In your role as Minister of Municipal Affairs and Housing I expect that you will make substantive progress on the following priorities:
Partner with local governments and First Nations to develop a community capital infrastructure fund to upgrade and build sports facilities, playgrounds, local community centres, and arts and culture spaces.
Through partnerships with local governments, the federal govenrment, and the private and not-for- profit sectors, begin to build 114,000 units of affordable market rental, non-profit, co-op, supported social housing and owner-purchase housing.
Create new student housing by removing unnecessary rules that prevent universities and colleges from building affordable student housing.
Amend the Residential Tenancy Act to provide stronger protections for renters, and provide additional resources to the Residential Tenancy Branch.
With the Minister of Finance, deliver an annual renter’s rebate of $400 dollars per rental household to improve rental affordability.
Work in partnership to develop a homelessness action plan to reduce the homeless population through permanent housing and services. As part of the plan, conduct a province-wide homelessness count.
Work with the Minister of Finance to address speculation, tax fraud and money laundering in the housing market.
As the Minister responsible for TransLink, support the Mayors’ Council 10-Year Vision for Metro Vancouver Transportation by funding 40%of the capital costs of every phase of the plan, in partnership with all levels of government.
We suspect many people reading here are disappointed that Eby isn’t the housing minister and are curious to see how that second to last point turns out. You can read the full letter here.
southseacompany posted this link claiming we’ve now reached double the number of vacant homes the US had before their housing bubble burst:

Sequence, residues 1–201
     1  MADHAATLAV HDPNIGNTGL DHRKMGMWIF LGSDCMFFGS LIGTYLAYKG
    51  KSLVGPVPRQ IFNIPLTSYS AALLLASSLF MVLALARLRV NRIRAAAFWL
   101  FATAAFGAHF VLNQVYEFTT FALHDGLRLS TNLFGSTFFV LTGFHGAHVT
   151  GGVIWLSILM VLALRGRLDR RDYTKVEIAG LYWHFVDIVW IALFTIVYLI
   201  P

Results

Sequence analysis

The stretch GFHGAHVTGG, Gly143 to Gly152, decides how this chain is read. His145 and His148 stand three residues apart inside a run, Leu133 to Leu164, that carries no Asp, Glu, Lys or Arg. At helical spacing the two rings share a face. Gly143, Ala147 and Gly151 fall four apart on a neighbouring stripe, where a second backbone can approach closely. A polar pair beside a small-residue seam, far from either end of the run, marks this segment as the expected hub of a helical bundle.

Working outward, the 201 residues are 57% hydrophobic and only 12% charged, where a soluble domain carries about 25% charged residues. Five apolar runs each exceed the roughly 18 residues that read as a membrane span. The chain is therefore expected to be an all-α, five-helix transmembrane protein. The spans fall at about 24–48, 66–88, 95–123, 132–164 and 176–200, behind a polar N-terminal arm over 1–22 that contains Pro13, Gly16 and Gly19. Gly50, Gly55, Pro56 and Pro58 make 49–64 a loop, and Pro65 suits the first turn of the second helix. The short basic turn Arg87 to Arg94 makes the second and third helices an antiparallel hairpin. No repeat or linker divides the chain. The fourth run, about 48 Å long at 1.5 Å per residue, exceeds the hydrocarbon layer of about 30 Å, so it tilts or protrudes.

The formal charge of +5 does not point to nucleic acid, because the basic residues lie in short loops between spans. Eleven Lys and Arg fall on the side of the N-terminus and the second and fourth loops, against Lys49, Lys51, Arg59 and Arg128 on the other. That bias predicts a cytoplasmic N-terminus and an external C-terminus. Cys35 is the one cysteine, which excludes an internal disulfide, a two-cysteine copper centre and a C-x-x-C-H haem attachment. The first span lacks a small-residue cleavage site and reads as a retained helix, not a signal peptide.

Home vacancies are often a sign of overbuilding, and speculation. At the height of the US housing crisis in 2008, a massive 2.9% of all homes were sitting vacant. This made it hard for home prices to retain their value during the downturn, since the vacant units began flooding the market on the way down. But that was the US, and this is Canada – we don’t have that number of units sitting vacant, right? Actually, Canada has more than twice that number.
These may not actually count as ‘secrets’, but over at the Tyee they have a list of 9 things the real estate industry doesn’t want you to know:
You’ve heard it a million times. The reason so few of us can afford Vancouver is because there aren’t enough new homes being built. This is the version of reality that real estate industry leaders and their political allies want us to believe.
But an investigation of the industry by The Tyee has revealed reality to be much more complex. Over the past six months I spoke at length with financial analysts, economists, industry consultants, realtors and many others to learn the true causes of Vancouver’s housing crisis and who is profiting from it. They were in broad agreement that real estate is at the centre of a massive realignment between our society’s rich and poor — and one that few leaders in the industry seem willing to publicly acknowledge.
About half of the items on their list have to do with the class divide and the disappearing middle class.
The recent BC first time buyer loans program announced by the liberal government has successfully driven condo prices higher by handing out interest free loans from tax payers to first time buyers, but it sounds like David Eby and the NDP want to ruin that party:
“We were told by economists at SFU, UBC, CMHC that the impact of the program would be to increase the cost of the housing stock,” says Eby.
“Essentially a transfer of money directly to developers and people selling their existing homes, and put people further into debt. So if that is truly the impact of the program in Metro Vancouver, then that’s something we want to review and make sure there’s not a better way we could allocate the $700-million that’s been allocated to that program.”